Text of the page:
Jon Bon Jovi has joked that his early song lyrics were not inspired by breaking up with people “all the time” like US megastar Taylor Swift.
The US rock star, 61, appeared alongside filmmaker Gotham Chopra at the Television Critics Association (TCA) winter press tour in Los Angeles, ahead of the UK premiere of his new documentary Thank You, Goodnight: The Bon Jovi Story, which will air on Disney+ later this year.
Bon Jovi, who said not in his “wildest craziest dream” did he expect to have had a 40-year career, was named MusiCares Person of the Year at a gala last week, attended by stars including Bruce Springsteen, who features in the four-part documentary series.
When asked about his music writing process, Bon Jovi said: “That’s been the magic of 40 years of career.
“At 20, when I got a record deal, I didn’t have a lot else to write about other than high school, and I didn’t break up with people like Taylor (Swift) did all the time.
“But as I grew in public, the evolution happened, and in order to grow with your public I think you have to tell the truth and not pretend to be something you are not, and you’re only going to get better at what you do.”
It comes after Swift, who is well known for writing songs about her ex-boyfriends, announced the release date for her new album The Tortured Poets Department, with fans speculating some songs could relate to her English ex-boyfriend Joe Alwyn.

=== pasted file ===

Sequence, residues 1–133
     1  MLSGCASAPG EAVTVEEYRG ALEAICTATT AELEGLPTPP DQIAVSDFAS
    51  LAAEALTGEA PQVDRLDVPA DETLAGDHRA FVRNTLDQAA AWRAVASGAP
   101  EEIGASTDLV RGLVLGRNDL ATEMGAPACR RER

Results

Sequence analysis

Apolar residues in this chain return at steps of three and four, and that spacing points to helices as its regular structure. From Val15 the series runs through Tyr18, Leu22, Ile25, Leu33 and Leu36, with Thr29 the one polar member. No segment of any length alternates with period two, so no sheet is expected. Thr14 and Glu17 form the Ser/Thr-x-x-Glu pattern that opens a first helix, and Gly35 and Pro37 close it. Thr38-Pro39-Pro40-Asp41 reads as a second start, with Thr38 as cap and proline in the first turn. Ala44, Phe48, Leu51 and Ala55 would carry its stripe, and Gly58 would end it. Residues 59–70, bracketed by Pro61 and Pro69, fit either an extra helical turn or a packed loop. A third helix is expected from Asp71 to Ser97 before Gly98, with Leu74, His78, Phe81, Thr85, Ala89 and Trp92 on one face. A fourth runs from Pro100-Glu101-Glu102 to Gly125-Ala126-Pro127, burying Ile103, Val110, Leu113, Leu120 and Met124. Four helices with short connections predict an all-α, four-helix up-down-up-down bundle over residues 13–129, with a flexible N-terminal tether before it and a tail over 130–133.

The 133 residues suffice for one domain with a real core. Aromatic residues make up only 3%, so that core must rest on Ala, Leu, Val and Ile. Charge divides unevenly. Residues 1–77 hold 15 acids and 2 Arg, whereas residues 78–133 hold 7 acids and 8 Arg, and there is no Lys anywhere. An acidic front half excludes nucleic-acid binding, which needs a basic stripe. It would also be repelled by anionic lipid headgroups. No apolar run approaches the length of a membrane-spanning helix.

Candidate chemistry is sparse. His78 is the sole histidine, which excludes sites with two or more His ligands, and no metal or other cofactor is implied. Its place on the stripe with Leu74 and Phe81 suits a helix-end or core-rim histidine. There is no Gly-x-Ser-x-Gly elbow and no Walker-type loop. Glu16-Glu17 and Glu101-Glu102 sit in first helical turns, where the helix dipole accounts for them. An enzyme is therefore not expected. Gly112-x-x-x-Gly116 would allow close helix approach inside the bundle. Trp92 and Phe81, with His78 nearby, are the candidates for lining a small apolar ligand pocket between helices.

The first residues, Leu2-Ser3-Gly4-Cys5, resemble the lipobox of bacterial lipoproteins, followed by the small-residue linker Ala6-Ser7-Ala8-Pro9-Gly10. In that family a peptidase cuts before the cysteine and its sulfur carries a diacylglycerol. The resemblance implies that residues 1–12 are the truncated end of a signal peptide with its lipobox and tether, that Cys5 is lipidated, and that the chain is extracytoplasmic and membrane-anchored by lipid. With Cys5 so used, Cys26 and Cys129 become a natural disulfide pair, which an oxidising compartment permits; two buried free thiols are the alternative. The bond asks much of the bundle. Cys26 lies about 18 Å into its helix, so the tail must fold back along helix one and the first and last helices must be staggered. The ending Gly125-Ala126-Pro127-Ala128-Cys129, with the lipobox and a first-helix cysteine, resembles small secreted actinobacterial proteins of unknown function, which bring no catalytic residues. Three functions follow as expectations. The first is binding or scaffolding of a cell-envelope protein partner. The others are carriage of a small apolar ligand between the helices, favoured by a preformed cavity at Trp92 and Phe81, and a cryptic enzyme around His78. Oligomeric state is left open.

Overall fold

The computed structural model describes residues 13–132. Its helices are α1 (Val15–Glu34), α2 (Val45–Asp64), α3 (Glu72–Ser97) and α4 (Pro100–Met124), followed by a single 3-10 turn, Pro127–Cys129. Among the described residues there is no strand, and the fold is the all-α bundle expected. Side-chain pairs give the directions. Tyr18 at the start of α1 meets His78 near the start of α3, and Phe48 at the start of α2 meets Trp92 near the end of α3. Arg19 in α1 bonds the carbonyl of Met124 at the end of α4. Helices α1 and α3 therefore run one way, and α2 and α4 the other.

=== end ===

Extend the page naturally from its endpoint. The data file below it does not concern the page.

During the interview Bon Jovi said he is 19 and a half months into recovery after his vocal cord surgery, and was performing for the first time in public at the MusiCares gala last week.
The series follows the band from February 2022 as they chart their future while Bon Jovi navigates a vocal injury, and as they celebrate 40 years in the industry.
“The ambiguity of the (documentary) title is also (about) what does the future hold for me and for my band, and that is a health-related question,” he said.
“Although I’m making great strides, we face something I didn’t expect which is this vocal cord surgery.
“Although I am doing very well and sang for the first time in public just the other night, so I’m feeling good, when we shot this there was no definitive answer.
“If I can’t go out and do two and a half hours four night a week – thank you, goodnight.”
He later said his craft had been taken from him, but the morning after his first public performance marked “the first time I woke up without multiple voices in my head, it was just me and that was the best thing”.
Bon Jovi and Chopra also said the documentary crew did not get a chance to interview band mate Alec John Such before his death in June 2022.
“Alec wasn’t unfortunately interviewed, but his passing was dramatic and hard on all of us because it was the first time we faced mortality, one of us passed,” Bon Jovi said.
“It wasn’t your father or your grandfather or somebody you knew, it was one of the guys. So these are all things that come with growing up in public.”
Bon Jovi ended by saying music has “always affected culture at large” and artists have the opportunity to “reflect the world around them” if they choose to.
“We’ve been blessed to have had songs that resonate across borders and languages, and decades and now generations of people,” he said.
“I received a two-page handwritten long-form letter from President (Volodymyr) Zelensky telling me that It’s My Life went to the people of Ukraine.
“I was writing that coming from who and where I was at that time, and to realise the effect that some of these songs have had on cultures is humbling.”
Thank You, Goodnight: The Bon Jovi Story will premiere in the UK on Disney+ later this year.